WHEN MOTHER

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95

HERE ARE SOME EASY GARDEN BEDS
TOBACCO PLANT

DWARF NASTURTIUMS EDGING OF DWARF FRENCH MARIGOLDS
The tobacco plant is the tallest, so that goes at the back. Next comes a row of dwarf nasturtiums and last the little edging of marigolds. If the bed is very wide, you can put a row of
sunflowers behind the tobacco plant.

ANOTHER GARDEN BED
Zinnias
Shirley poppies Cornflowers Edging of sweet alyssum. First sow the Shirley poppies and the cornflowers; these you can sow very early. Then sow the zinnias in rows six inches apart and the little edging of sweet alyssum. When the pophave gone by, you can pull them up, dig up pies some of the zinnias and put them in their places.

96

WHEN MOTHER

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-Little

Vjcarclen J^x 15 feet

Plan of Little Garden

WHEN MOTHER

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97

LITTLE QARDEN 15x15 FEET

garden is in the corner of a backyard. A bed of sunflowers screens it on one side, a hedge of sweet peas makes the other
This
little

boundary. The little summerhouse is made by a post at the outside corner where the nasturtiums are and this is connected at the top with the two sides of the fence. Strips of wire netting, a foot wide, fastened to the ground with staples and nailed to the crosspiece at the top, make the walls of the playhouse.

The first thing to plant for this little garden beside the post for the playhouse is a hedge of sweet peas and the poppies. Then you can set out hollyhock plants against the fence. little

A

later in April, plant the

Drummond's

phlox,

and

in

plant your nasturtiums, morning-glories The grass space in the tall sunflowers. and the summerhouse will give you room middle, enough to entertain your friends.

May

and the

98

WHEN MOTHEK

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99

GARDEN PLAYHOUSES
easy kind of garden playhouse is made of Set poles, such as beans are used to climb on. them up in tent-fashion. Stick the poles into the ground, a foot apart, and secure them with cord at the top to a crosspole. The poles can be as long as you like the longer the poles, the larger playhouse you can make. At the foot of each alternate pole, plant ornamental gourds just as you plant melons and early May is the time to do this. There are a great many kind of gourds which you might use. There is the squirting cucumber, dipper, dishcloth, mock-orange, Hercules club. They grow up very fast and cover anything very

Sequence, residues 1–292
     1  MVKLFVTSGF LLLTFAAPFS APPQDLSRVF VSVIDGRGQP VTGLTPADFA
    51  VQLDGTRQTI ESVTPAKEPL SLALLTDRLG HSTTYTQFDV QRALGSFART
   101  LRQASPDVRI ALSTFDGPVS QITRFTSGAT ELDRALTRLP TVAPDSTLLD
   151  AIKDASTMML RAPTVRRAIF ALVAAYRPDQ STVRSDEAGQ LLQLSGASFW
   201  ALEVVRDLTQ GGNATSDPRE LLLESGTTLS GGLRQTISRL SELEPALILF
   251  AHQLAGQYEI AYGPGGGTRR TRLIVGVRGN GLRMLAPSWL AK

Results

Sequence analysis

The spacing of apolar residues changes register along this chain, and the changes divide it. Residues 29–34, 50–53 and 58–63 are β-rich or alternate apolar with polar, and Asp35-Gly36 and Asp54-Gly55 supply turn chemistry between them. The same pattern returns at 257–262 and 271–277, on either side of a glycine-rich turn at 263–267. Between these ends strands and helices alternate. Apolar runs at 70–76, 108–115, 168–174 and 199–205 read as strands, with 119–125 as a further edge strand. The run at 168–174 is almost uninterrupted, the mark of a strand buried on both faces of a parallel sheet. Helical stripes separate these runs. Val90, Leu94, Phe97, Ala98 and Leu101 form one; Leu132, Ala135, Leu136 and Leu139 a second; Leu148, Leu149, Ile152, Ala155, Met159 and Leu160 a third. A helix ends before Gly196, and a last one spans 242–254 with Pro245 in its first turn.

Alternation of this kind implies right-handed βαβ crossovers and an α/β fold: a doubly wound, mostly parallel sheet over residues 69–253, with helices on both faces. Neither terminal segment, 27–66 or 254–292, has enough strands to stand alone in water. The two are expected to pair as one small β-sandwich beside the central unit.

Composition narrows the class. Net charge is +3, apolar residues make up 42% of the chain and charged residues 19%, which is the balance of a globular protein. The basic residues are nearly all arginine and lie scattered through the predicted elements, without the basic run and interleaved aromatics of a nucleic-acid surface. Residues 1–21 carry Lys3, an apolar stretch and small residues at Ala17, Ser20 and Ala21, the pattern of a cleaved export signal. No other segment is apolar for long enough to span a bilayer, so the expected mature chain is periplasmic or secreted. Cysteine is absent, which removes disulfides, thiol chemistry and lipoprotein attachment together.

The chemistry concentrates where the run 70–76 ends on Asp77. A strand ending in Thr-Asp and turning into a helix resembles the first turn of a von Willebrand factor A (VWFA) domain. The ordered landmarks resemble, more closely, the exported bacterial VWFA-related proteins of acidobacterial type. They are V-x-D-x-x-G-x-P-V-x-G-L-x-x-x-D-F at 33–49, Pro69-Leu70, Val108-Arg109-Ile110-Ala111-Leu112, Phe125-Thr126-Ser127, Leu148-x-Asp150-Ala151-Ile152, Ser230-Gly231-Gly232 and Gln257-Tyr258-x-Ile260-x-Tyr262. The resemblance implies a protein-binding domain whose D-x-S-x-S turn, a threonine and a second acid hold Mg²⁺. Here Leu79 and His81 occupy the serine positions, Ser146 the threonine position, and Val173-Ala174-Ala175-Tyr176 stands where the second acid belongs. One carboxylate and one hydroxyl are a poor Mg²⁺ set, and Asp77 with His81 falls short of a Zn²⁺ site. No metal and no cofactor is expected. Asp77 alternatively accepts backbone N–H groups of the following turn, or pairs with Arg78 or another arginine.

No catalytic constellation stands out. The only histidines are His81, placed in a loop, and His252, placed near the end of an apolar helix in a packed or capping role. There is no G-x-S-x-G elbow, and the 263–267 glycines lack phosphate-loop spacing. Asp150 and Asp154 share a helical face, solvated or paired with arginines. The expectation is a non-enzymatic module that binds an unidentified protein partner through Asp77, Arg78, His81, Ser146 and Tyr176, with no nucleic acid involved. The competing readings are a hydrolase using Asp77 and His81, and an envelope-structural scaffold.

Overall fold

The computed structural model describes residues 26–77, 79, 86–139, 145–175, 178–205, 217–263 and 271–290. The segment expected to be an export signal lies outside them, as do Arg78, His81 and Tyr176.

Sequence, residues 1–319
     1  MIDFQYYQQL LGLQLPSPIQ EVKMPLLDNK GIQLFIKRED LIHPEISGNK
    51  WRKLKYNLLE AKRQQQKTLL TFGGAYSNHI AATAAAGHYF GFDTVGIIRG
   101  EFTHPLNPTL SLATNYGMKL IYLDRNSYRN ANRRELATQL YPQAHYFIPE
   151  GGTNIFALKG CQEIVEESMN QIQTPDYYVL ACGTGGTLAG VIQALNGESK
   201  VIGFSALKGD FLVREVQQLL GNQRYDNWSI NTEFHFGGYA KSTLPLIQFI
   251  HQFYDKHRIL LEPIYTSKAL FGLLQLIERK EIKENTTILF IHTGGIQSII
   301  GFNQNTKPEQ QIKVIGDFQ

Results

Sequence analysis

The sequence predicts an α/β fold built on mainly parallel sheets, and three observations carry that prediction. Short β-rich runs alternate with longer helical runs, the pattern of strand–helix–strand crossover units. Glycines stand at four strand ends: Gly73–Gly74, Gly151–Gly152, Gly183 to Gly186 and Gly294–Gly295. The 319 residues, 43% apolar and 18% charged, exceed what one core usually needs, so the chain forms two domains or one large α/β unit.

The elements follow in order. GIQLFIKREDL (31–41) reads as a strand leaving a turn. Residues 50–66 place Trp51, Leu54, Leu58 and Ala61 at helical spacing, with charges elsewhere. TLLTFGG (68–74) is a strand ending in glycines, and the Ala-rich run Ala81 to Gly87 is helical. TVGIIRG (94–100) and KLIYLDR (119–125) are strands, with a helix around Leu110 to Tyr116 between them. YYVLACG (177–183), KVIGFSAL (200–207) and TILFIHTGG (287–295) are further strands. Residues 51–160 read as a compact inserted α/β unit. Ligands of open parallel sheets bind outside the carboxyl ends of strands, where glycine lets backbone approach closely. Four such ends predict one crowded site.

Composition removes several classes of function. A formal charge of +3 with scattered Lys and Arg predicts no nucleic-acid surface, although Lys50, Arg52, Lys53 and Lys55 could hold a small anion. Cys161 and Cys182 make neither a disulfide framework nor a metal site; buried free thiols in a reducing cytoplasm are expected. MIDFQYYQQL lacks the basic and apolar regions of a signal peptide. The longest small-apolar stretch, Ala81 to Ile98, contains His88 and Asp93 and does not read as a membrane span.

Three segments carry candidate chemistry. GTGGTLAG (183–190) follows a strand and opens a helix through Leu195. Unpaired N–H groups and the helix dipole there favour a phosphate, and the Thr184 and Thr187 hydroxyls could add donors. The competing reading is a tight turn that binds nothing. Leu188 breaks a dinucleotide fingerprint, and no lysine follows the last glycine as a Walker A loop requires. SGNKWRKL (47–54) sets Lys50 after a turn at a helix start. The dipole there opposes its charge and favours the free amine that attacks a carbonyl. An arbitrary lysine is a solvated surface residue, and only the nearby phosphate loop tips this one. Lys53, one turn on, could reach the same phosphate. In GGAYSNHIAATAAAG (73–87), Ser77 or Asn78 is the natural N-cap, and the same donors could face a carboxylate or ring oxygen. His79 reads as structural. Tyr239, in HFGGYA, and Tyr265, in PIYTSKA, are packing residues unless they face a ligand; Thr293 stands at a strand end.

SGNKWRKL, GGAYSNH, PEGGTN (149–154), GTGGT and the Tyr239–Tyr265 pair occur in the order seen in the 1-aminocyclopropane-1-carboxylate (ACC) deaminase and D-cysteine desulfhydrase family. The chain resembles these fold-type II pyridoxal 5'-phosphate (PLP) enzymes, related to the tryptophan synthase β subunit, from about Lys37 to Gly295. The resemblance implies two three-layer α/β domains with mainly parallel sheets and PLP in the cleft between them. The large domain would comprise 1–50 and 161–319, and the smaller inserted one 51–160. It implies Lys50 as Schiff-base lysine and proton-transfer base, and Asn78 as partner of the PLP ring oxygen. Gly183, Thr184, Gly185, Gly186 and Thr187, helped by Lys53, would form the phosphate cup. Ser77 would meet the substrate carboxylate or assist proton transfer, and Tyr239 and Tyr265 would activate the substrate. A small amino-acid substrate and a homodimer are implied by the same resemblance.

quickly.

An

can use other vines to cover your playhouse, such as nasturtiums and scarlet runner beans, but they will not make so tight a roof as
the gourds.

You

Another easy playhouse you can make with poles is made like an Indian wigwam. Draw
a circle as large as you want the playhouse to be. Plant the poles at its outer edge a foot and a half apart, leaving, of course, space for a door, and then fasten them together at the top. At the foot of each pole, you can sow scarlet runner beans or ornamental gourds; these will cover

your playhouse.

100

WHEN MOTHER

LETS US GARDEN

GARDEN FITENITUEE
course, you will like to entertain your friends in your garden. If there is a shady spot where plants don't grow very well, that's a good place for a seat.

Of

WHEN MOTHER

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101

GARDEN BENCHES
If you live in the country, here is an easy way " " to make a garden bench. Take two chunks, logs that have been sawed (they are usually a foot long), ready for splitting. Pick out two that are the same length and which have been sawed evenly so that if you stand them up on end the tops will be flat. Tote them out to the place in the garden where you want them and
see

how long your seat ought to be, standing one for one end and one for the other. Then find a
it

board, nail

on

top.

The easiest place to make a seat in a city backyard is against the fence and in the corner. Take the shady corner and put the board like a